Beamish Murdoch: Nova Scotia’s National Historian

“Notable, however, was his apparent disinclination to leave Nova Scotia; he spent his entire life in Halifax save his last years, in retirement, in Lunenburg, where he died in 1876.”

“Murdoch was an historicist; he sought truth in documents. For the readers of his second volume, he took pains to explain this approach:

I have endeavoured to reduce the materials I had collected into a brief space, but there were many things that tended to exhibit and illustrate the peculiarities of the place, the times and the people, and some biographical particulars, that I felt were worth preservation. I might have followed a stricter, perhaps more classical model; but it seems to my mind that as the varied details of Gothic or Saracenic architecture produce a powerful effect in their combination, so the chronicler may, by diligence, unite many smaller features and occurrences, that, taken separately, might be dis-claimed by some, as below the dignity of history to record, and by this mode transport the reader, as it were, back to the actuality of past times, and make our forefathers live and move again as in life, by rendering us familiar with their ideas and habits….I feel justified in the endeavour to re-produce the past, as far as possible, in its own forms and colors and language, and, whenever I can, to make the very expressions {ipsissima verba) of the men who lived before us, exhibit their opinions and show their natures…(II, iii-iv)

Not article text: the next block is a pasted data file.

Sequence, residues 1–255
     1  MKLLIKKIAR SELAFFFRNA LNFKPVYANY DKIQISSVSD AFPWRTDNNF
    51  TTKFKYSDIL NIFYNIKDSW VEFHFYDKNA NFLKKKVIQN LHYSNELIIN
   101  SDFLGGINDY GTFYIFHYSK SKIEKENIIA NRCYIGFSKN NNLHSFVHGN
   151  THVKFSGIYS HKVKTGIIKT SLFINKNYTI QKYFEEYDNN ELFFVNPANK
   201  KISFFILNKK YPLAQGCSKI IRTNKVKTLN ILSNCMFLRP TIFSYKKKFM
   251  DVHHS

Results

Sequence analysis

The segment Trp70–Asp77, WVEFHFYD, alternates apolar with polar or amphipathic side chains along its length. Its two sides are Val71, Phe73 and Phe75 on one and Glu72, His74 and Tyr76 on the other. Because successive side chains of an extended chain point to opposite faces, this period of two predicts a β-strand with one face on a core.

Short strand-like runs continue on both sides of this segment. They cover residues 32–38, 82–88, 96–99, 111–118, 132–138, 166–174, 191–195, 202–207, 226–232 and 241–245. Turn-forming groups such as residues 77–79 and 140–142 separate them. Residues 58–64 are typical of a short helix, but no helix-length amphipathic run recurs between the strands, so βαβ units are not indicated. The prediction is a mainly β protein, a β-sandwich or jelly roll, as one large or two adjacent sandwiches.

Murdoch felt obliged to take special measures to safeguard the vestiges of the province’s past. “Some periods of our history”, he explained, “afford but little matter for connective narrative.”

Clarke, PD. “Beamish Murdoch: Nova Scotia’s National Historian” Acadiensis, XXI, 1 (Autumn 1991), pp. 85-109